The eight men who perished during the construction of Titanic are an integral part of the story of the ship, and it is right that they are commemorated within the heart of east Belfast where the vast majority of shipyard workers came from. ~ First Minister Peter Robinson, Friday, 6 July 2012
From 1859 the Harland and Wolff shipyard produced some 1,750 vessels during over a century of continuous shipbuilding. It was the shipyard's contracts with the Oceanic Steam Navigation Company, better known as the White Star Line, that produced some seventy-five vessels for the shipping line. The most famous ships amongst those vessels were the Olympic class liners Olympic, Titanic and Britannic.
The Olympic class liners were built on two massive slipways at the Harland and Wolff shipyard in Belfast. Construction of the Olympic began first and, from the end of March 1909 and for the next three years, thousands of workers at the Belfast shipyard of Harland and Wolff laboured to built the Titanic.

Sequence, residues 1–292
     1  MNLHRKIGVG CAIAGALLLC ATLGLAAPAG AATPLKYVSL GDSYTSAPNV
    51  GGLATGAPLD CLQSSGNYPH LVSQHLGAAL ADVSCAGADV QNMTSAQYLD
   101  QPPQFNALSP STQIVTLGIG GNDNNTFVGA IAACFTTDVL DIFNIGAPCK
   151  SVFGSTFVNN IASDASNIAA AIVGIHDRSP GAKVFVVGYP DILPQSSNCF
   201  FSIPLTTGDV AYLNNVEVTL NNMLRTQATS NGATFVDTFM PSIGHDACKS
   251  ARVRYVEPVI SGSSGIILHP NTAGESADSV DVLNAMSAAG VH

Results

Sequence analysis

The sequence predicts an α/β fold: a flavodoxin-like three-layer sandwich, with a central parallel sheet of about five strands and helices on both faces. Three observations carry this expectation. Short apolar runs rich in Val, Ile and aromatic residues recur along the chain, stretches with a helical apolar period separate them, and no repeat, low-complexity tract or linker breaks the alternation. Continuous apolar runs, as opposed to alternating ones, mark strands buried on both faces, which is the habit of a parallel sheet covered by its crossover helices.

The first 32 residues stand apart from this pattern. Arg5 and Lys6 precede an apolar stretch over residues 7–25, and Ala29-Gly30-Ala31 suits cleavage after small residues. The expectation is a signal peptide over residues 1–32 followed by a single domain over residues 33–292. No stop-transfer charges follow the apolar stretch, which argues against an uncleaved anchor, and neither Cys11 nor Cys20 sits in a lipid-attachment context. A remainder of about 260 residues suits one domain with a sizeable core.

Today in industry the safety of workers is taken very seriously. Workers follow procedures for the use of plant and equipment, and activities are risk assessed to mitigate as much possible the risk of incidents occurring. Workers are provided with personal protective equipment; high-visibility clothing, hard hats and protective boots to help protect them when they come into contact with plant and equipment. Businesses record injury frequency rates and take action to remedy failures in procedures and learn lessons where injuries occur.
However, in 1912 the working standards in industry were lacking, and injury and death were a daily threat to workers. This wasn't a situation unique to shipyard workers, workers in other industries such as mining also faced the same daily threat. Sadly, during the building of the Titanic eight workers are believed to have lost their lives.